Management Committee members share common
understanding of purpose of committee and what
committee hopes to achieve
Mission Statement, when articulated to workforce, sends
clear message regarding committee’s function and
expectations
       Mission Statement continued

Goals and Objectives:
  Should flow from Mission Statement
  Must be within Labor-Management Committee’s purview
  and span control
  Must be attainable and realistic
  Must be achievable
       Mission Statement continued

When designing a plan of action the following should be kept
  in mind:
  What must be done?
  Who is responsible for getting it done?
  When must it be done?
  How are actions monitored, and by whom?
  When does evaluation take place?
       The Dislocated Worker as a
                Customer
                     Statistics of Job Loss
For every 1% rise in unemployment rate the following
  increases were recorded nationwide:
•   36,887 additional deaths
•   20,240 heart attacks
•   495 deaths from cirrhosis
•   920 suicides
•   648 homicides
•   4,227 admissions to mental hospitals
•   3,340 state prison admissions
       Phases in Pre-Layoff Period

Some of the basic phases a worker will go through, but not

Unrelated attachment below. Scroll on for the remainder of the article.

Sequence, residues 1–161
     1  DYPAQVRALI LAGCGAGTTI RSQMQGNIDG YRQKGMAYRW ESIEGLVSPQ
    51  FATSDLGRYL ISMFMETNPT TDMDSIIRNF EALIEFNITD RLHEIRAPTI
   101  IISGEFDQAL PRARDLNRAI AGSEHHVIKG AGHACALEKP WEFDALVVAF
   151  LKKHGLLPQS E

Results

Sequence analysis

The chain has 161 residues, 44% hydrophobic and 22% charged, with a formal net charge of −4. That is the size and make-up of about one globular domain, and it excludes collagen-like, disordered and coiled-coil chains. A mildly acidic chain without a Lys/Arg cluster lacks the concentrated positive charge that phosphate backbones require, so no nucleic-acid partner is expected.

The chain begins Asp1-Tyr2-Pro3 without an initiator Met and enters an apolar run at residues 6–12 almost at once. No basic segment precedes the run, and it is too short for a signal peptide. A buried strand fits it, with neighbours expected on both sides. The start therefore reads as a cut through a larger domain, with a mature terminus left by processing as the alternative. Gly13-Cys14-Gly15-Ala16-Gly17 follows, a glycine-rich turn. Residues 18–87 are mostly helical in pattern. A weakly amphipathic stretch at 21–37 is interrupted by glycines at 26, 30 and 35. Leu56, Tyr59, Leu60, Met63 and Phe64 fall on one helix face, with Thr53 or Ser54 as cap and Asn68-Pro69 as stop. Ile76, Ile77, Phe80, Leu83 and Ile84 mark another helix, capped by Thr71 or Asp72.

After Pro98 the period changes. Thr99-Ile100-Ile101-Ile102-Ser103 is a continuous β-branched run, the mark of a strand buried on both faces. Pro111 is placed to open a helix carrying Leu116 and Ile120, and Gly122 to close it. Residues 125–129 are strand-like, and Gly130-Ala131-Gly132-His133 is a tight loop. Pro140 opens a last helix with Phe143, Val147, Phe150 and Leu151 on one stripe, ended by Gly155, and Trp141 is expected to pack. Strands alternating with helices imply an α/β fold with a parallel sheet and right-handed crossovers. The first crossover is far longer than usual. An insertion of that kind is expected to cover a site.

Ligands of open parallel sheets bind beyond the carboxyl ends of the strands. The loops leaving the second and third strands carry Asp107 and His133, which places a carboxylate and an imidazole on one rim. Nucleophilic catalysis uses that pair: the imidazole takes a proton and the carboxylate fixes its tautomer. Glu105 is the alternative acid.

limited to, include:
•   Phase One: Denial
•   Phase Two: Anger
•   Phase Three: Depression
•   Phase Four: Acceptance
        Phases After Layoff Occurs

Some of the basic phases a worker will go through, but not
    limited to, include:
•   Phase One: Disbelief or numbness
•   Phase Two: Remembering the “Good OLE Days”
•   Phase Three: Depression, Disorganization and Despair
•   Phase Four: Acceptance and Moving Ahead
             Variables of Job Loss

•   Length of time with company
•   Their feelings about the job/company
•   Whether they have been through job loss before
•   Person's age
•   Parent? Children’s ages
•   Their family situation
•   Person's emotional health
•   Quality/availability of support services
     Impact of Job Loss on Worker
Workers lose more than a job. They lose:
•   Loss of wages and benefits
•   Loss of structure for the day
•   Loss of work family
•   Loss of role of worker and provider
•   Loss of place in world
•   Loss of pride, dignity and self-esteem
•   Loss of American Dream
•   Loss of trust
•   Loss of control over life